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Figure 2: Trends of filter throughput and losses over time (click to enlarge)

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Figure 3: Trends of re-slurry tank solids concentrations over time (click to enlarge)

(a) Filtration losses

Increased filtration losses associated with 3B/1A mix, and the corresponding reduced filter throughput are shown in Figure 2.

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Figure 4: Dryer throughputs for product X in 2014 (click to enlarge)

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Figure 5: Comparison of utilities costs for each raw material mixture (click to enlarge)

(b) Re-slurry tank solids control

The impact of the use of 3B/1A mixture on re-slurry tank solids control is clearly demonstrated in Figure 3.

(c) Dryer throughput

The impact of the use of 3B/1A mixture on dryer throughput can be seen in Figure 4.

Economic impacts


Increased gas, electricity and water usage and costs are associated with 3B/1A mixture as shown in Figure 5.

Table 2: Comparison of costs for raw material A and raw material B

3B/1A 4B
Qty. Unit Price Sub Total Qty. Unit Price Sub Total
Gas (kWhr) 546.47 0.10 56.31 503.13 0.10 51.84
Water (m3/hr) 6.22 2.95 18.37 5.66 2.95 16.73
Electricity (kWhr) 6.73 0.30 2.02 6.00 0.30 1.80
RM B (kg/hr) 1,951 2.78 5,425.06 2,600 2.78 7,228.92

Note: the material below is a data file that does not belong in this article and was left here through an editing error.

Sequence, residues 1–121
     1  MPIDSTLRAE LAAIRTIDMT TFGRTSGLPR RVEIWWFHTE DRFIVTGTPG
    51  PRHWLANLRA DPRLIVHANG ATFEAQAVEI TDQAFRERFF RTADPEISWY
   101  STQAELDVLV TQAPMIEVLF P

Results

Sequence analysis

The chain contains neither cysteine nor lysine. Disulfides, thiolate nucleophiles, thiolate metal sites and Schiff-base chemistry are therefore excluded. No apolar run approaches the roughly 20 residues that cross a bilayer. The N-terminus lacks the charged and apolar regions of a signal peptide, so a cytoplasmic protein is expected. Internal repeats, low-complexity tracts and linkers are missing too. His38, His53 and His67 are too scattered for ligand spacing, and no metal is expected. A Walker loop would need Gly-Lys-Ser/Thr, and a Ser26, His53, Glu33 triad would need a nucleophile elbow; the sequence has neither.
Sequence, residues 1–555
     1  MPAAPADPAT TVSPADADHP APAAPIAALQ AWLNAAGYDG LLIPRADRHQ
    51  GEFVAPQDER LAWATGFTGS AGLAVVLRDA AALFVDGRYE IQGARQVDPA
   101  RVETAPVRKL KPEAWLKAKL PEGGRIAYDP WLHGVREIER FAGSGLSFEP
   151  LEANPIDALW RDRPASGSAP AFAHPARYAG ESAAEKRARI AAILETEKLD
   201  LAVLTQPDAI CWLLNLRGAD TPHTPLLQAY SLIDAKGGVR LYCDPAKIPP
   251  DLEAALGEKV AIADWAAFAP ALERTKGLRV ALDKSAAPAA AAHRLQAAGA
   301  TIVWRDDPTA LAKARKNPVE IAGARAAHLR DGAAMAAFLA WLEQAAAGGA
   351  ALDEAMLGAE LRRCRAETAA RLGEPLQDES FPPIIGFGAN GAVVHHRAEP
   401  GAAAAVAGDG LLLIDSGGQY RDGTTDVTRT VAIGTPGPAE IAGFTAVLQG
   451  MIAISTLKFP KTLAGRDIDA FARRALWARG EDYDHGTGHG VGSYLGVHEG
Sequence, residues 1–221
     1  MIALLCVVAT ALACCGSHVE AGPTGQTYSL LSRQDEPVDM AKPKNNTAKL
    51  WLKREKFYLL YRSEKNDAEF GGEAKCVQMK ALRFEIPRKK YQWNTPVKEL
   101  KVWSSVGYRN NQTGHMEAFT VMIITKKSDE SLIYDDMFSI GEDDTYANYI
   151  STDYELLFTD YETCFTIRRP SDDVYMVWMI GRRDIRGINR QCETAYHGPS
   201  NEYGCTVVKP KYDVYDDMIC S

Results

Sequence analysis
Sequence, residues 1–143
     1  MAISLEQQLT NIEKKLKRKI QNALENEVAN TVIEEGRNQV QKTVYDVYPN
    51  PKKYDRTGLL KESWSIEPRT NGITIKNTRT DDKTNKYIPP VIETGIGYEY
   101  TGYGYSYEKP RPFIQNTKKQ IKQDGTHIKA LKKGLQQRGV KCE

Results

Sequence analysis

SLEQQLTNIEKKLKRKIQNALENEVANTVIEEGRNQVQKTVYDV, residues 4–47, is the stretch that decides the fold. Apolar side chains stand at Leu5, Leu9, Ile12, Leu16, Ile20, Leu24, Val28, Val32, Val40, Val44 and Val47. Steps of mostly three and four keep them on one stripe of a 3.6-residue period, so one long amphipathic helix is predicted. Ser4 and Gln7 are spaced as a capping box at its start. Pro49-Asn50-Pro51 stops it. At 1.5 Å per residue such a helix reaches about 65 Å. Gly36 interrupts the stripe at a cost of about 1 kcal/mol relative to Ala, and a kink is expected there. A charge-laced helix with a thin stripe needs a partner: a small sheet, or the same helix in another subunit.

RM A (kg/hr) 650 2.21 1,438.51
Total Costs : 6,940 7,299
Product (kg/hr) 2,028 2,090
RFT Product (kg/hr) 1,846 15.71 28,991.21 1,881 15.71 29,543.27
Total Revenue : 28,991 29,543
Net Income (MU/hr) 22,051 22,244


Conclusions


The following conclusions indicate that the use of the 3B/1A raw material mixture had a negative impact on the production of product X in 2014.

  1. Mean filtration losses were 22 per cent for 3B/1A and 19.6 per cent for 4B.
  2. Average re-slurry tank solids were 20.7 per cent for 3B/1A and 21.2 per cent for 4B.
  3. Average dryer throughput was 1,996 kg/hr for 3B/1A and 2,035 kg/hr for 4B.
  4. Average net hourly income was 22,051 MU for 3B/1A and 22,244 MU for 4B.
  5. A typical product X campaign of 300MT took, on average, four hours longer to complete using 3B/1A.

Recommendations


The following are recommended:

  1. The filter correction factor requires regular monitoring.
  2. Re-slurry tank solids control needs to be upgraded.
  3. Long term analysis of Raw Material C could be beneficial.
  4. Investigation of the impact on effluent COD is required.
  5. A thorough examination of the impact on line pressures is necessary.
  6. Further investigations into other products are also required.

 

http://www.engineersjournal.ie/wp-content/uploads/2016/04/aaaduffy6.jpghttp://www.engineersjournal.ie/wp-content/uploads/2016/04/aaaduffy6-300x300.jpgDavid O'RiordanChemCIT,manufacturing,research
Author: Paul McCarthy, Bachelor of Engineering (Hons) in Chemical and Biopharmaceutical Engineering, Department of Process, Energy and Transport Engineering, Cork Institute of Technology; Academic Supervisor: Noel Duffy, December 2015 Abstract The aim of this report is to evaluate the process and economic impacts of the use of raw material A in...